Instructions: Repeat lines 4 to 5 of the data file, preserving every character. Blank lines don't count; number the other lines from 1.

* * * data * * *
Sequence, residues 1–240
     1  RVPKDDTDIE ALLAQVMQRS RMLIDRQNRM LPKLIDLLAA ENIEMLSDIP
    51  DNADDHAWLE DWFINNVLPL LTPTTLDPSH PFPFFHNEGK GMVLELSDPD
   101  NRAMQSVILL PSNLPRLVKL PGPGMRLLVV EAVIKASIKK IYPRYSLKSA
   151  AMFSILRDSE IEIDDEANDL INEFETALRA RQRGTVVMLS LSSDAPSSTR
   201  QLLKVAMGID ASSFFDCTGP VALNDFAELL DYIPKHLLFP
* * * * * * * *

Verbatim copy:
   101  NRAMQSVILL PSNLPRLVKL PGPGMRLLVV EAVIKASIKK IYPRYSLKSA
   151  AMFSILRDSE IEIDDEANDL INEFETALRA RQRGTVVMLS LSSDAPSSTR